Facebook Patents Reveal Mark Zuckerberg’s Plan to Turn the Metaverse into a Money Machine

Mark Zuckerberg Smiles during testimony (Pool/Getty)

Recent patents filed by Facebook (now Meta) reveal how the company plans to generate profit from its metaverse virtual reality platform. According to the patents, Facebook plans to track everything from eye movements to nose twitches as its users explore the new platform.

The Financial Times reports that a number of patents filed by Facebook, including tech to track eye movements, body positions, nose twitching, and facial expressions, reveal how the company plans to monetize its metaverse virtual landscape.

Mark Zuckerberg introduces Meta (Facebook)

Facebook CEO Mark Zuckerberg previously announced the company’s plans to invest $10 billion a year over the next ten years to develop the metaverse, an immersive virtual world of digital avatars powered largely by Facebook’s Oculus VR headsets. Other tech giants like Apple and Microsoft have reportedly taken notice and are developing similar projects as many believe that the virtual world could be the next step in social media.

The Financial Times noted that hundreds of applications to the U.S. Patent and Trademark Office provide an insight into how Facebook plans to monetize the digital world. The firm reportedly plans to use hyper-targeted advertising and sponsored content within the virtual world to drive revenue, following a similar model that helped it build an $85 billion per year advertising platform.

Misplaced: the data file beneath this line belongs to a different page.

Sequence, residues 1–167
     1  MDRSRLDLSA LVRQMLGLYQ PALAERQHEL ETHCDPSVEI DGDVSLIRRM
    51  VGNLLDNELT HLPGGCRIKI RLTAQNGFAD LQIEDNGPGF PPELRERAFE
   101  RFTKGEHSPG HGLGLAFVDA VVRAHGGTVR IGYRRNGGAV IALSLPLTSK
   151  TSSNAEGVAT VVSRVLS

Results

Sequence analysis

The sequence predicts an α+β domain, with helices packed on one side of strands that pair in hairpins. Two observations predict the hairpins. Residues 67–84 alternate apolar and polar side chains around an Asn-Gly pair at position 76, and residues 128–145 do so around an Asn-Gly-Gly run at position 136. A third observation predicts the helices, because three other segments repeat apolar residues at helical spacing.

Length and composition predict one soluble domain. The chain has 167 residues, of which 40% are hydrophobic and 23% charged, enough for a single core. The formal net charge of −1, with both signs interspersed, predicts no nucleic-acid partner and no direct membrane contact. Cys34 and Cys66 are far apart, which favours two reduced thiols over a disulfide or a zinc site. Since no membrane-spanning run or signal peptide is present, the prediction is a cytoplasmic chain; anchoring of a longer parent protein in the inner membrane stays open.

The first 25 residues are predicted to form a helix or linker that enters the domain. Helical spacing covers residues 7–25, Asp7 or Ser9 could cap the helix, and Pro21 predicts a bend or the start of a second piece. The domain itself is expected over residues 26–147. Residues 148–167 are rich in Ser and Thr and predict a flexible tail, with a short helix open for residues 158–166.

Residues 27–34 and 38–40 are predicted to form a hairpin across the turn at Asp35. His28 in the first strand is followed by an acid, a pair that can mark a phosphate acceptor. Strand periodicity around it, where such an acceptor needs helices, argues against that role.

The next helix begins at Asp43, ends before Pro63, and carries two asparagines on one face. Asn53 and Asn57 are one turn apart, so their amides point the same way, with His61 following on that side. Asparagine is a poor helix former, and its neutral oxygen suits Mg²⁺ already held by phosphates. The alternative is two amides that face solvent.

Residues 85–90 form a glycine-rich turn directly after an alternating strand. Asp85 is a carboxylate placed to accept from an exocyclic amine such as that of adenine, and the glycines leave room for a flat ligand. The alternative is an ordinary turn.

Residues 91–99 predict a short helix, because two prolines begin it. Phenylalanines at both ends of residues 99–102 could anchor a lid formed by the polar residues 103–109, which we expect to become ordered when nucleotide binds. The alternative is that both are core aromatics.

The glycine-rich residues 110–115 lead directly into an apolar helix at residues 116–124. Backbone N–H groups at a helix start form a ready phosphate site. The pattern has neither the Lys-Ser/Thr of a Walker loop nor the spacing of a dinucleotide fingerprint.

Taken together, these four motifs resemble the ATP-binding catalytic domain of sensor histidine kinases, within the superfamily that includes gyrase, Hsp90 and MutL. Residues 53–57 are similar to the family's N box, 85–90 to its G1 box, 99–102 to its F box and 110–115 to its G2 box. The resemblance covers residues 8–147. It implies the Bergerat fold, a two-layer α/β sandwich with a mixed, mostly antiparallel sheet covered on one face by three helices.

Users will reportedly also be able to purchase items in a “virtual store” in the metaverse which will correspond with real-world goods sponsored by brands. Facebook’s head of global affairs Nick Clegg recently stated: “For us, the business model in the metaverse is commerce-led. Clearly, ads play a part in that.”

Other patents focus on technology, including eye and face tracking tech that will be collected in a headset using tiny cameras or sensors. These can be used to target ads towards a person, placing ads where their eyes are most commonly drawn to, but could also be used for features like full-body tracking allowing them to move every limb of their digital avatar in the metaverse.

One patent describes a system for tracking facial expressions through a headset and then serving the users “adapt media content” based on the expressions.

This report come shortly after Breitbart News reported that Facebook’s VR division is under investigation by the FTC and multiple U.S. states led by New York. Third-party Oculus app developers have been questioned by the FTC in recent months, according to sources.

Read more at the Financial Times here.

Lucas Nolan is a reporter for Breitbart News covering issues of free speech and online censorship. Follow him on Twitter @LucasNolan or email him at lnolan@breitbart.com


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